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'Nightmare Honeymoon' (1973)

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Friday, Feb 14, 2014
Lavish presentation of hackwork.
cover art

Nightmare Honeymoon

Director: Elliot Silverstein
Cast: Dack Rambo, Rebecca Dianna Smith

(USDVD release date: 1 Oct 2013)

David (Dack Rambo) is a Yankee and a Vietnam veteran who marries Southern belle Jill (Rebecca Dianna Smith) in the opening sequence of Nightmare Honeymoon, based on Lawrence Block’s novel Deadly Honeymoon. They run away from the wedding party because of some crazy tradition that feels made up to get the story started, but which foreshadows the chasing that will characterize the whole film. They witness a murder by a psycho hitman (loud, leering John Beck) and his nervous dumpy chum. After David is knocked unconscious for what seems like a commercial break, Jill eventually reveals that she traded their lives for being raped. The rest of the movie studies their clash of traumas as they try to hold together while arguing about what to do and conducting their own investigation into the New Orleans bad guys.
  
Now available on demand from Warner Archive, this early ‘70s obscurity isn’t good, but it’s interesting in a desultory, sometimes unintentional way. First, the package announces that the film was originally released to theatres in a PG version. That version isn’t here. Instead we get two “alternate” versions without any original to alternate them with. One is an “alternate theatrical version” (filling up the 16:9 screen) and the other is a standard-ratio TV version, which is actually a few minutes longer. Since the film can be loosely described as a “rape/revenge” movie, you’d think the unrated theatrical cut would be full of rough material that the TV version had to omit. Not so. There’s no nudity or blood in the theatrical version; even the rape is skipped over and must only be imagined. This in itself makes the film uniquely thwarting in its presumed genre, as does a protracted, often clumsily staged resolution that’s essentially unsatisfying (not always for the right reasons).David (Dack Rambo) is a Yankee and a Vietnam veteran who marries Southern belle Jill (Rebecca Dianna Smith) in the opening sequence of Nightmare Honeymoon, based on Lawrence Block’s novel Deadly Honeymoon. They run away from the wedding party because of some crazy tradition that feels made up to get the story started, but which foreshadows the chasing that will characterize the whole film. They witness a murder by a psycho hitman (loud, leering John Beck) and his nervous dumpy chum. After David is knocked unconscious for what seems like a commercial break, Jill eventually reveals that she traded their lives for being raped. The rest of the movie studies their clash of traumas as they try to hold together while arguing about what to do and conducting their own investigation into the New Orleans bad guys.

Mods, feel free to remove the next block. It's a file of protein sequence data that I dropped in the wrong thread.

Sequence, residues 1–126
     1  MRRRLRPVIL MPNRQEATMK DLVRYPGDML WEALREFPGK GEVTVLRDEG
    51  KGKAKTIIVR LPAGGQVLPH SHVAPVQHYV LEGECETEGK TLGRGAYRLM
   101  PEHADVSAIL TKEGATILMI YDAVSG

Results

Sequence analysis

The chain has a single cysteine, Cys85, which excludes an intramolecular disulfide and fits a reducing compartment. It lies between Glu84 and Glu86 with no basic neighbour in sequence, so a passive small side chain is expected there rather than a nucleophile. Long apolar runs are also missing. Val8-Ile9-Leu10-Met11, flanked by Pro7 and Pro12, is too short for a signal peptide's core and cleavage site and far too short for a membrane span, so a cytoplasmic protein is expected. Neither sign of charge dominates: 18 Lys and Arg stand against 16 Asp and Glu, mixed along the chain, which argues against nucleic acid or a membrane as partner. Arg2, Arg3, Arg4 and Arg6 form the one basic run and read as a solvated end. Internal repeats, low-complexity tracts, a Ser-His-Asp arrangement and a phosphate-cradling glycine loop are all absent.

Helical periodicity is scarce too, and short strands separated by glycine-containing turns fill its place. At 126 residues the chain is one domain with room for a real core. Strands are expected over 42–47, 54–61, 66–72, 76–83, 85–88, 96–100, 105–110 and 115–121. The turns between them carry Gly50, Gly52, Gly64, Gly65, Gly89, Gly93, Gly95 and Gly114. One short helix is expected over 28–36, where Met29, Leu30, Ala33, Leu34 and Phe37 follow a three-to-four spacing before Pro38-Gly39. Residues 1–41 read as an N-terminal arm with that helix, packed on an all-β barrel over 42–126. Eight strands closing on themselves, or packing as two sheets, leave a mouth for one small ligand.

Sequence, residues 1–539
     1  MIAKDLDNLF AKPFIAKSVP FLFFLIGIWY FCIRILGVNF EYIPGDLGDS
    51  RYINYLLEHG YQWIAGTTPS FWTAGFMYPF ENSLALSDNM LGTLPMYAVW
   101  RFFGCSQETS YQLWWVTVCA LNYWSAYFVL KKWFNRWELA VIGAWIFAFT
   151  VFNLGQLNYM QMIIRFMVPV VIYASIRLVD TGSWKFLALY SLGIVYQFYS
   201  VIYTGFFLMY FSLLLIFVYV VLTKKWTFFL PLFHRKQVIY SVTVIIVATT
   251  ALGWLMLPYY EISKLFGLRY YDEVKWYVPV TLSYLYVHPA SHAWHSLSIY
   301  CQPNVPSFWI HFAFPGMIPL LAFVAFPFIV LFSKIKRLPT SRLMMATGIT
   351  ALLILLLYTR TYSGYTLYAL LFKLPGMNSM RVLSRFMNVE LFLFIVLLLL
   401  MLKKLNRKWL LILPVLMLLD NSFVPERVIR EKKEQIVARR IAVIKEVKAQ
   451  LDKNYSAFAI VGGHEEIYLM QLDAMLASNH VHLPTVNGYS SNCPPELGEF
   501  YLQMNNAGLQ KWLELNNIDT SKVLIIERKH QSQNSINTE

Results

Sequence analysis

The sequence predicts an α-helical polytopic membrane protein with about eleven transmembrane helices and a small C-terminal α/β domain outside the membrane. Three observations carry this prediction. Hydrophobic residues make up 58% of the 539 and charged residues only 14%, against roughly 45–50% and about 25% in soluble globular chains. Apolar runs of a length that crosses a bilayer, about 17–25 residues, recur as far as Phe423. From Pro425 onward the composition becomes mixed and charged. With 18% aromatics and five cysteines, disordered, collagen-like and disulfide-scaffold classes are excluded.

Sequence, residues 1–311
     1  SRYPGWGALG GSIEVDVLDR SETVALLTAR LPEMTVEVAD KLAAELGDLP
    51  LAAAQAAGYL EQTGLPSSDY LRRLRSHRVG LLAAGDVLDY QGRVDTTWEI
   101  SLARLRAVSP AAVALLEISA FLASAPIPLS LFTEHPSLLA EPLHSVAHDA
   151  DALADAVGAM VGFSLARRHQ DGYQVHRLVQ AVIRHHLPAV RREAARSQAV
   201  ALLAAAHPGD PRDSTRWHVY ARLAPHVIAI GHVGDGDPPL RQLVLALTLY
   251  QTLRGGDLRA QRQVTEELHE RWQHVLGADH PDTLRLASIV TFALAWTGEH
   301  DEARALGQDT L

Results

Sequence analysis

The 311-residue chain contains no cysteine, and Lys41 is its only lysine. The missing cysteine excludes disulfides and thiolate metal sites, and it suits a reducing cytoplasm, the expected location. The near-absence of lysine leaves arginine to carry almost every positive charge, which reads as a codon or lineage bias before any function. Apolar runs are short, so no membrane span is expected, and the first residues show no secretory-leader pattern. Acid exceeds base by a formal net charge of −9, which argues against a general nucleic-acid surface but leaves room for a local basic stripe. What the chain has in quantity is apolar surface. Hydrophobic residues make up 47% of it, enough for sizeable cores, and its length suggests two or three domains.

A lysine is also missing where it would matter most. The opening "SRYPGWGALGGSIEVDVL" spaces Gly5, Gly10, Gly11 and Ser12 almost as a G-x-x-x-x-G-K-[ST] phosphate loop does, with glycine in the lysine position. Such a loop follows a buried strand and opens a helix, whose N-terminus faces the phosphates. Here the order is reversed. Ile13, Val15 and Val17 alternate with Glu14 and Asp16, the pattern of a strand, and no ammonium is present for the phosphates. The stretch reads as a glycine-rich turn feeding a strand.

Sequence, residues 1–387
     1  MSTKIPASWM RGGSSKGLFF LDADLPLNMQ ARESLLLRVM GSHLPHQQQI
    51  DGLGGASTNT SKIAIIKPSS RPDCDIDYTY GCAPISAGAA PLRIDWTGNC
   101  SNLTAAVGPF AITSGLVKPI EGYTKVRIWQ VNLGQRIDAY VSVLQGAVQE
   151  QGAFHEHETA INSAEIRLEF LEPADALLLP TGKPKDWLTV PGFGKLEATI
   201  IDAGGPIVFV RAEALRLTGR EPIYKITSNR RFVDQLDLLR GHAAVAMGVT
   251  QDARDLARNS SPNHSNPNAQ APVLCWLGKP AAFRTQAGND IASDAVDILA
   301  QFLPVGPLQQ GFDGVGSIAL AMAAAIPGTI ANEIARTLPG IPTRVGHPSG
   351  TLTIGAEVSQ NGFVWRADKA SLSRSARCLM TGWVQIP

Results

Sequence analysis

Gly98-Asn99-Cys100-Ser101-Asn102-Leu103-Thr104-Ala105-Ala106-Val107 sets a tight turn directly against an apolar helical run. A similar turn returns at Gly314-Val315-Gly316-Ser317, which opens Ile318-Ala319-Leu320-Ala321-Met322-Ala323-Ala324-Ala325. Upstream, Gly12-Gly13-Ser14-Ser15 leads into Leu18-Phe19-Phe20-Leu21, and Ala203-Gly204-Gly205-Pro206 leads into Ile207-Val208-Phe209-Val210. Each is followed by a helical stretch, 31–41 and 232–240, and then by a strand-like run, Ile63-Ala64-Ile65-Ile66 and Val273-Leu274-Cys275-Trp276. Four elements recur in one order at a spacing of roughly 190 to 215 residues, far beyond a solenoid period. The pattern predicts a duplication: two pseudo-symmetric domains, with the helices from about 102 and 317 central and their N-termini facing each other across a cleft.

Now available on demand from Warner Archive, this early ‘70s obscurity isn’t good, but it’s interesting in a desultory, sometimes unintentional way. First, the package announces that the film was originally released to theatres in a PG version. That version isn’t here. Instead we get two “alternate” versions without any original to alternate them with. One is an “alternate theatrical version” (filling up the 16:9 screen) and the other is a standard-ratio TV version, which is actually a few minutes longer. Since the film can be loosely described as a “rape/revenge” movie, you’d think the unrated theatrical cut would be full of rough material that the TV version had to omit. Not so. There’s no nudity or blood in the theatrical version; even the rape is skipped over and must only be imagined. This in itself makes the film uniquely thwarting in its presumed genre, as does a protracted, often clumsily staged resolution that’s essentially unsatisfying (not always for the right reasons).


The TV version drops the mild profanities and blasphemies and shortens the villain’s climactic speech (boy, does he talk too much) in which he relishes the details of the rape, but the most significant cut is a short dialogue indicating that the couple have already had sex before the marriage. This puts a slightly different complexion on the husband’s rage, in that without that information, the TV version implies that he’s especially incensed by the fact that someone else deflowered his bride. What the TV version adds is a longer speech for Pat Hingle as the bride’s melancholy good-old-boy daddy, and Hingle comes back for a final scene that tries to be more (unconvincingly) upbeat and “let’s put it all behind us”. It also lengthens the hamburger scene, which finds tension in the mundane.


The entire thing looks like a TV movie and seems more natural in the TV ratio, although both cuts are much too long: the wedding, the anguished hotel dialogues, and the tense finale are all dragged out well beyond what the pace requires. What it’s got is a clammy, muggy, rainy, overheated atmosphere of corruption and immanent violence, implying more than once that this is how life is. If it’s true, as reported in various online sources, that Nicolas Roeg was the original director before Elliot Silverstein (A Man Called Horse) replaced him, that effectively quashes the notion that this could ever have been intended for TV, no matter how ready it seems for the gritty, downbeat TV movies of that era.


Also curious are the trailer and the poster (reproduced on the cover) which employ the repetition of “Thank Heavens it’s only a movie” in seeming invocation of the rape/revenge film Last House on the Left, and also the nearly hilarious injunction: “Please don’t see it with someone you love.”


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